Zvečan/ Zveçan
Municipality and city
Albanian: Zveçan
Serbian: Zvečan

The town of Zvečan

Zvečan/ Zveçan

Location in Republic of Kosovo

Coordinates: 42°54′N 20°50′E / 42.900°N 20.833°E / 42.900; 20.833Coordinates: 42°54′N 20°50′E / 42.900°N 20.833°E / 42.900; 20.833
Country Kosovo[lower-alpha 1]
District District of Mitrovica
  Mayor Dragiša Milović
  Total 123 km2 (47 sq mi)
Elevation 461 m (1,512 ft)
Population (2014)
  Total 7,341
  Density 60/km2 (150/sq mi)
Time zone CET (UTC+1)
  Summer (DST) CEST (UTC+2)
Postal code 38227
Area code(s) +381 28
Car plates 02
Climate Cfb
Website Municipality of Zvečan

Zvečan (Albanian: Zveçan, Serbian: Звечан, Zvečan) is a town and municipality in the Mitrovica district of Kosovo.[lower-alpha 1] It is a part of North Kosovo, a region with an ethnic Serb majority that functions largely autonomously from the remainder of the ethnic-Albanian-majority Republic of Kosovo. The municipality covers an area of 104 km2 (40 sq mi), and consists of 35 villages.[1] As of 2014, the municipality has a population of approximately 7,341.[1]


The town of Zvečan is located near Mitrovica. It was mentioned for the first time in connection with the border clashes between the Serbs and Byzantines between 1091 and 1094. There is also an inscription that Grand Prince Stefan Nemanja, after the victory over the Byzantines in 1170, ordered that a prayer for the successful outcome of the battle be held in the church of St. George at Zvečan.

In the 13th and 14th centuries Zvečan was one of the royal residences of the Serbian court. Queen Theodora died there in December 1322, and nine years later her husband, Stefan Uroš III was imprisoned and strangled there.[2] First the Musić, then the Vojinović noble family, held the fortified city and region during the Serbian Empire of Uroš V (r. 1355–1371). As imperial power collapsed Zvečan was in a disputed zone being held by Miloš Pović in 1370 but claimed by Nikola Altomanović.[3]

In 1389, after the Battle of Kosovo, it was integrated into the Ottoman Empire and later became part of the Sanjak of Novi Pazar.[4] From 1878 to 1908 it, along with the rest of the Sanjak, was administered by the Austro-Hungarian Empire as a result of the Congress of Berlin. But in 1908 it was returned to Turkey.

On the highest spot, i.e., the Upper Town, there are remains of the church of St. George, cistern and the main octagonal tower. The ramparts of this part of the fort are reinforced by massive towers. The main entrance to the town was on the western side.


The largest employer in Zvečan is the lead and zinc melting factory “Trepča”. Its large smokestack is with 306 metres the tallest structure in Kosovo. Due to the serious environmental pollution from the factory, however, UN and KFOR shut it down and the only ongoing operation is alloy production for batteries and battery recycling. Once employing up to 4,000, the very low operations of “Trepča” has had a devastating effect on the local economy. Today, in the municipality only about 500 people are working at 60 small private companies and 150 shops.[1]

Culture and education

The Faculty of Arts, part of the University of Pristina at Mitrovica, is situated at Zvečan.

Zvečan has hosted annually two international music festivals: The North City Jazz & Blues Festival,[1][5][6][7][8][9][10][11] and international rock festival Overdrive,[12] as well as international art colony Sokolica[13] and children song festival Cvrkuti sa Ibra (Chirrups from the Ibar River).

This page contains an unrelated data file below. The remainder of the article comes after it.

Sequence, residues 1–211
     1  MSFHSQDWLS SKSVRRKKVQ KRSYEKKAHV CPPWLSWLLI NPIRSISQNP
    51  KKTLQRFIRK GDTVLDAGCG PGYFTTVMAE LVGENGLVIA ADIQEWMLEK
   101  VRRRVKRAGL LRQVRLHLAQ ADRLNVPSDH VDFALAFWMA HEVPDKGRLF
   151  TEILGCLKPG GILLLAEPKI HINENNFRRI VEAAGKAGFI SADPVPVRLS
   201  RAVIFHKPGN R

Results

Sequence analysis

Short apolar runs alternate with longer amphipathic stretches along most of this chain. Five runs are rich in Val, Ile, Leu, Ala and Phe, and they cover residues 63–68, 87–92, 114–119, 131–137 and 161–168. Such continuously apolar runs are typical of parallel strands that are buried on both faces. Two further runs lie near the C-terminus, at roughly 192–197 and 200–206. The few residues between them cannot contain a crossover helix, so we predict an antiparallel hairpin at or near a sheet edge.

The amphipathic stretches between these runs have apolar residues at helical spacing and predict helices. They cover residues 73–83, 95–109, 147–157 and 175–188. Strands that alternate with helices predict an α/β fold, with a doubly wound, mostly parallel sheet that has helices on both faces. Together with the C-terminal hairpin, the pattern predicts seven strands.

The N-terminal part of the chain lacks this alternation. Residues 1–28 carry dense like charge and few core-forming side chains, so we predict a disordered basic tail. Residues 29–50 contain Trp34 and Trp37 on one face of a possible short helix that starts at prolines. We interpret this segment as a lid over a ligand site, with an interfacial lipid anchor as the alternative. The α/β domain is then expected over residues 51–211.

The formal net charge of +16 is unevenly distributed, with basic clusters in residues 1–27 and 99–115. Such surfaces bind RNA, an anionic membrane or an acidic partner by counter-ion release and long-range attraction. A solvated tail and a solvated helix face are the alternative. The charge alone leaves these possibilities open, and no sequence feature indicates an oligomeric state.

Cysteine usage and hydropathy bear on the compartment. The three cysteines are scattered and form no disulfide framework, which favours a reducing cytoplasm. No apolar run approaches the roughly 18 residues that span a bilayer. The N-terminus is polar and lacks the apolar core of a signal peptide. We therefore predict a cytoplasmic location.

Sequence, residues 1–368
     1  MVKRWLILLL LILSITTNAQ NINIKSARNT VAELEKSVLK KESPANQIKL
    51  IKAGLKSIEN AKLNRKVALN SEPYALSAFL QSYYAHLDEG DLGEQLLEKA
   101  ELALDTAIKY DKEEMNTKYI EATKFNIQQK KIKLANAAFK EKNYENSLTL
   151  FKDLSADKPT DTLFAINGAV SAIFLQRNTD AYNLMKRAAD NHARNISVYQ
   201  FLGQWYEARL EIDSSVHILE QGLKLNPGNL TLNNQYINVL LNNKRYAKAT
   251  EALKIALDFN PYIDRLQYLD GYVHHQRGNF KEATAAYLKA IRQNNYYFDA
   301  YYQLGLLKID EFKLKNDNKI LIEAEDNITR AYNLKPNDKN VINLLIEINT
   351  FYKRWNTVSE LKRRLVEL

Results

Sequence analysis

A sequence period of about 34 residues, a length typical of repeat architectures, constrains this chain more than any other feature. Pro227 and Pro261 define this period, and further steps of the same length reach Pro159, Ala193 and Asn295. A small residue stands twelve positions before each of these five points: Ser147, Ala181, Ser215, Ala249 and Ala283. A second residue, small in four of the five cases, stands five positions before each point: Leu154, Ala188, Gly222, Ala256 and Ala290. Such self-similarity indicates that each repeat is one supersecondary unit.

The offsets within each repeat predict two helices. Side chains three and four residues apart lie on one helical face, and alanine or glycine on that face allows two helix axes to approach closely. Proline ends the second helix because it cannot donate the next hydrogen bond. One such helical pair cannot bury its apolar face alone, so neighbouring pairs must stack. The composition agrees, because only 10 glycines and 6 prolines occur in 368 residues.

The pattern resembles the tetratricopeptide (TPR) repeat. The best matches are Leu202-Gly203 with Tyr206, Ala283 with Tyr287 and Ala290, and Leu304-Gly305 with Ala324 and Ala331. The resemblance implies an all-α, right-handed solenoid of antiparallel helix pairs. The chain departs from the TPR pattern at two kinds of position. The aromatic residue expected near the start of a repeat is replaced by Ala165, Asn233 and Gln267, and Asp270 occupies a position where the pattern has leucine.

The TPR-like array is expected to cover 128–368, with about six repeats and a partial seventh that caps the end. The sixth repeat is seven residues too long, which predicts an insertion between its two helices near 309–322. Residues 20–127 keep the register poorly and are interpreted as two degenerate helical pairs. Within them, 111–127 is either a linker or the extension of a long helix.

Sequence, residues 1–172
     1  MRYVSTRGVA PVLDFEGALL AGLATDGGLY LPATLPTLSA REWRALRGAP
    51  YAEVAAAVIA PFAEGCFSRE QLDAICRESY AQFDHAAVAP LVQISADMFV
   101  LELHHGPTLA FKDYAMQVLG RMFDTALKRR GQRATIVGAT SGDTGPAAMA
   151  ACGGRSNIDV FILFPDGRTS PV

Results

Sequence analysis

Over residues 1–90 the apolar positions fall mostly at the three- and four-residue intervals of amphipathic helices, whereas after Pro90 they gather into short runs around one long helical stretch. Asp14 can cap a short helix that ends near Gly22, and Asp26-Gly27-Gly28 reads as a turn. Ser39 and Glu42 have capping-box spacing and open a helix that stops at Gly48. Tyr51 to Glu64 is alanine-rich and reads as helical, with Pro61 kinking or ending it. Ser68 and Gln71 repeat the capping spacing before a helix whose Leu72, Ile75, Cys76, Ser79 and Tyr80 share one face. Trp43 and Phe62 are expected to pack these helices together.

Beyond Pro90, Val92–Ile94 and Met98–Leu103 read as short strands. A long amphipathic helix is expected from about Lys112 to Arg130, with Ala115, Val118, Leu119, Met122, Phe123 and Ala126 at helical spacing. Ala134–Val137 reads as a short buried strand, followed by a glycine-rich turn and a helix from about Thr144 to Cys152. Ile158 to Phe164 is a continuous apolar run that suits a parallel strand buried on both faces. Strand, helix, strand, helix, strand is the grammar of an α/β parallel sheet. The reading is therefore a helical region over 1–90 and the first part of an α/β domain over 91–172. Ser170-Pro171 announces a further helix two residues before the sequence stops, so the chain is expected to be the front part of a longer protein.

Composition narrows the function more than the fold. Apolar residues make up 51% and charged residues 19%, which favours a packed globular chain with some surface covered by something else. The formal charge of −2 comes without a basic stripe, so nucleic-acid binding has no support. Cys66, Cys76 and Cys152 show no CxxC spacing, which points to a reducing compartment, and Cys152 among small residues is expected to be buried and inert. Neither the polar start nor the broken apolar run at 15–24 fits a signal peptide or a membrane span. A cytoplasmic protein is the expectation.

The Zvečan Fortress and Sokolica Мonastery, both from the Middle Ages, have been located in the Zvečan area.[1]


In November 2005, it was estimated that the municipality was 95% Serb, with only 4 Albanian families in the area. According to 2006 estimates, the municipality of Zvečan had a population of 16,600 people. As of 2008, the municipality has a population of approximately 17,000 inhabitants, of which ca. 16,050 (ca. 94%) are Serbs. Some 350 Albanians are concentrated in the villages of Boljetin, Lipa and Žaža, with 80 Kosovo Albanian families having returned to the municipality since 2000. A small number of other minorities also reside in the municipality. About 4,000 Kosovo Serbs are located in the municipality as Internally displaced persons (IDPs) as well as 250 refugees from Croatia.[1]

See also

Notes and references


  1. 1 2 Kosovo is the subject of a territorial dispute between the Republic of Kosovo and the Republic of Serbia. The Republic of Kosovo unilaterally declared independence on 17 February 2008, but Serbia continues to claim it as part of its own sovereign territory. The two governments began to normalise relations in 2013, as part of the Brussels Agreement. Kosovo has received recognition as an independent state from 110 out of 193 United Nations member states.


  1. 1 2 3 4 5 6 OSCE Mission in Kosovo: Municipal profile of Zvečan Archived 6 June 2011 at the Wayback Machine., April 2008. – Retrieved on 15 May 2009.
  2. Bury, John Bagnell et al. (eds.) (1923) The Cambridge Medieval History Macmillan, New York, p. 539, OCLC 271025434
  3. Rade Mihaljčić, Kraj srpskog carstva, pp121-2
  4. Map of Turkey and Greece 1847, from Sharpe's Corresponding Maps Chapman and Hall, London
  5. ''Vreme'' No. 853. Vreme.com. Retrieved on 29 November 2011.
  6. ''Kosovska Mitrovica Live'' Archived 13 February 2010 at the Wayback Machine.. Kosmitrovica.blog.rs. Retrieved on 29 November 2011.
  7. ''Glas javnosti'', June13, 2005. Arhiva.glas-javnosti.rs. Retrieved on 29 November 2011.
  8. Asocijacija medija , May 2007 Archived 10 October 2008 at the Wayback Machine.
  9. Telekom, 16 May 2007
  10. Trident Archived 14 March 2008 at the Wayback Machine.
  11. ''Glas javnosti'', 5 June 2003. Arhiva.glas-javnosti.rs. Retrieved on 29 November 2011.
  12. Blic, 9 October 2006
  13. Krstarica, 22 August 2007
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